David Cronenberg.
What true horror became in the eighties and what it began to mean in artistic terms was part of a discussion I had with one of its practitioners, David Cronenberg (Shivers, Rabid, The Brood), in 1983. As a Canadian director who began his career in the seventies making low-budget thrillers, Cronenberg was just about to release his first big-budget commercial movie, The Dead Zone, which was adapted from a best-selling Stephen King novel. He was also about to be honoured at the Festival of Festivals (the original name of the Toronto International Film Festival) and had programed a series on science-fiction films for that year's event. We began the interview talking about the changing face of horror right at that moment when, in retrospect, he was beginning to move beyond the genre.

Thursday, November 11, 2010

Remembrance: Canadian Military Disasters on Film and TV

Every Remembrance Day, between 1990 and 2007, I used to ask men of a certain age (usually in their 70s to 80s) if they had served in World War II. I wasn't buttonholing old men on the street, they were either those selling poppies or, since I worked in retail during the first ten years of that time period, some of my regular customers. Most of them told me that they had. I always said “thank you for what you did for all of us who've come since.” Some smiled and said they were glad to have done it. Others acknowledged my response and said nothing else. One year, however, a dear customer of mine, who I will call Mr. Clark, came into the store. I asked him that question and when he said he had, I thanked him. He looked at me and said, “I'm not proud, David, of what I did in the war.” Before I could stop myself, I asked him why and he answered, “I was a bombardier in the war. On more than one occasion I knew that our targets were strictly civilian. I knew we were deliberately bombing innocent women and children. And on more than one occasion, I managed to convince my pilot to divert over rail yards or factory areas, and not continue targeting the innocent. If our CO had ever got wind of it, I would have been court martialled.” Court martialling in World War II meant prison and disgrace.

Wednesday, November 10, 2010

A Well Not Dry: Philip Kerr's Field Grey

If this were (and I'm not saying it is) the last book in Philip Kerr's Bernie Gunther books, I would still be a very satisfied reader. It's not that Field Grey is the best of the now-seven novels, but there's a mournful, elegiac quality to this book that suggests a fascinating road perhaps leading to an end. The majority of the book is set in Germany in 1954 as Gunther tells stories to interrogators. This one begins shortly after the close of the last novel, If The Dead Rise Not (2009 – reviewed by me here). Gunther is not-so reluctantly coerced into helping a pretty, young female Castro rebel escape from Cuba to Haiti (Gunther, in the best noir tradition, has always been a sucker for a pretty face). During the journey across the Caribbean, Bernie's boat is captured by the American Coast Guard. Through slightly contrived circumstances, Bernie is identified, arrested and imprisoned first in New York, then Germany. He is suspected of war crimes.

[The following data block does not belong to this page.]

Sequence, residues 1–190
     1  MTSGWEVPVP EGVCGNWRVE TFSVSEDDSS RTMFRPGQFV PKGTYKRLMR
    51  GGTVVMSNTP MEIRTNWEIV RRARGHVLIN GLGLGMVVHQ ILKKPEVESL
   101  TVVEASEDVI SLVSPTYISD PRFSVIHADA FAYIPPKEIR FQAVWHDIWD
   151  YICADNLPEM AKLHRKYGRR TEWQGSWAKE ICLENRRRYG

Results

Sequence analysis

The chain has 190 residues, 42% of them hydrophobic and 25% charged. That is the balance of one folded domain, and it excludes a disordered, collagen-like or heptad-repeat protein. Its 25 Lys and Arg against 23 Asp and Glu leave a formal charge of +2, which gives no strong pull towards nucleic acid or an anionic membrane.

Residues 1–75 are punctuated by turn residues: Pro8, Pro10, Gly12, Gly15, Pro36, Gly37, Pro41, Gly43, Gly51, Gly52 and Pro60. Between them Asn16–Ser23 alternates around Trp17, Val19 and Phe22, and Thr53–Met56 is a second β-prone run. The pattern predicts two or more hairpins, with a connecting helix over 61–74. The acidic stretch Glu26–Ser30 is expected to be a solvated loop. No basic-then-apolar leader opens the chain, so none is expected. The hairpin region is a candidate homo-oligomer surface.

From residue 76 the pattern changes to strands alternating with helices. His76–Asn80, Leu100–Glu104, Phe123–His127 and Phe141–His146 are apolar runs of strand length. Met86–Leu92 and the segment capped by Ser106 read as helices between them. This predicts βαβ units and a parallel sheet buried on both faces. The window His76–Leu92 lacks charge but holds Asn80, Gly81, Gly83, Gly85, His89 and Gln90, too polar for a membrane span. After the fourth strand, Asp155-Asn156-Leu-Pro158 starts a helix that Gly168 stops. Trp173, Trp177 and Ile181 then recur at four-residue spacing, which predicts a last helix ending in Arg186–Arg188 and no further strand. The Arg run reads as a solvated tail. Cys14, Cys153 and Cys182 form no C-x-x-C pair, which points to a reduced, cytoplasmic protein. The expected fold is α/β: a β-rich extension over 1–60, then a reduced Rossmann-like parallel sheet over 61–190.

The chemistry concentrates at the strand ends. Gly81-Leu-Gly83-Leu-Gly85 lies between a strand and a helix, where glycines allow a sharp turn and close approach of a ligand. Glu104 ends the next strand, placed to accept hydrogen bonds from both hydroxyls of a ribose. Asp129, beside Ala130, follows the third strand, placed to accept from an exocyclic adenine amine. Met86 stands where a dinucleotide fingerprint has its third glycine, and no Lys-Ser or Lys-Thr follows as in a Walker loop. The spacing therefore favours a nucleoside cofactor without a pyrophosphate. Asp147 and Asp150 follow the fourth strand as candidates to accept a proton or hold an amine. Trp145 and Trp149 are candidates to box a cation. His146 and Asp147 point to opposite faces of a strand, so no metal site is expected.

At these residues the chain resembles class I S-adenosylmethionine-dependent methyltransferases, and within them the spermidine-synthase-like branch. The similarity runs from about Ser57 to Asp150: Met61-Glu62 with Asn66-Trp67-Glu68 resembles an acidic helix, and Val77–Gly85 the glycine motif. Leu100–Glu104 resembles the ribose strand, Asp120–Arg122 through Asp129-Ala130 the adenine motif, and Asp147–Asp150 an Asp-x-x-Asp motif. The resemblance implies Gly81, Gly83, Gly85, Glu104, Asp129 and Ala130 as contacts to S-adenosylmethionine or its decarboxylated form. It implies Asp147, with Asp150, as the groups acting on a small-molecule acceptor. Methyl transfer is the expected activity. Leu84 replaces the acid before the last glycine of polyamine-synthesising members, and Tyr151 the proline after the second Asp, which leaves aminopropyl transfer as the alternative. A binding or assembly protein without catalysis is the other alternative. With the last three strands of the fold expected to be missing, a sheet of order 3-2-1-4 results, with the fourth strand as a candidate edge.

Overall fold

Gunther has always been a fascinating character. A detective before and during the Nazi years in Berlin, he is no Nazi (he despises them – well, actually, Bernie hates pretty much everybody: Americans, British, Russians/Communists and the French, particularly the French), but he is a survivalist, so he didn't always stand up to Nazis. The times he didn't step up, he would have certainly been killed if he had. Sometimes he witnessed and even participated in some pretty bad things, but his moral code of trying to do the right thing as much as possible repeatedly saved both his skin and his soul. Bernie did some of the things he is accused of (shooting unarmed partisans in Eastern Europe during the war), but only after they had slaughtered many innocents themselves.

Tuesday, November 9, 2010

The Walking Dead: Zombies Matter Here

Vampires might get all the good press, but the fact is that zombies have also been enjoying a renaissance of late. There have never been so many quality zombie films: beginning with the phenomenal success of Danny Boyle’s 28 Days Later in 2003, Edgar Wright’s riotous Shaun of the Dead in 2004, the triumphant return of zombie-auteur George Romero with Land of the Dead in 2005, and Andrew Currie’s biting satire Fido in 2006. In the book stores, we’ve got Max Brooks’ The Zombie Survival Guide (2003) and World War Z (2006). (The film adaptation of the latter is now in pre-production, with Brad Pitt in the lead role.) But there has always been one realm the zombies have failed to successfully (de)populate: the small screen. With the Halloween premiere of AMC’s The Walking Dead, the zombies have finally come to our living rooms.